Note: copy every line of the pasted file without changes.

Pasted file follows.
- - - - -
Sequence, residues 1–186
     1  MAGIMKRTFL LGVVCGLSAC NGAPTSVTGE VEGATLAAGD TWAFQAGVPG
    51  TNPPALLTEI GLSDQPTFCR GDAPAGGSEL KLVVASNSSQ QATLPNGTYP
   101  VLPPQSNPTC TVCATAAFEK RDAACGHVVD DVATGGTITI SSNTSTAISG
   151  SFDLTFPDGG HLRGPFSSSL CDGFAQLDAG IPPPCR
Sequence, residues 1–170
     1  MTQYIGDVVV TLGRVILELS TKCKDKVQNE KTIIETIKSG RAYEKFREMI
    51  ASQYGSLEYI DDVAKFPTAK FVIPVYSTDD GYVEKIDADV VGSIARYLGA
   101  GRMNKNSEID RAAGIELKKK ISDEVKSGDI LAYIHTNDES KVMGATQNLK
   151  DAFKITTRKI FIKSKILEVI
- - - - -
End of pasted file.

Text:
Sequence, residues 1–186
     1  MAGIMKRTFL LGVVCGLSAC NGAPTSVTGE VEGATLAAGD TWAFQAGVPG
    51  TNPPALLTEI GLSDQPTFCR GDAPAGGSEL KLVVASNSSQ QATLPNGTYP
   101  VLPPQSNPTC TVCATAAFEK RDAACGHVVD DVATGGTITI SSNTSTAISG
   151  SFDLTFPDGG HLRGPFSSSL CDGFAQLDAG IPPPCR
Sequence, residues 1–170
     1  MTQYIGDVVV TLGRVILELS TKCKDKVQNE KTIIETIKSG RAYEKFREMI
    51  ASQYGSLEYI DDVAKFPTAK FVIPVYSTDD GYVEKIDADV VGSIARYLGA
   101  GRMNKNSEID RAAGIELKKK ISDEVKSGDI LAYIHTNDES KVMGATQNLK
   151  DAFKITTRKI FIKSKILEVI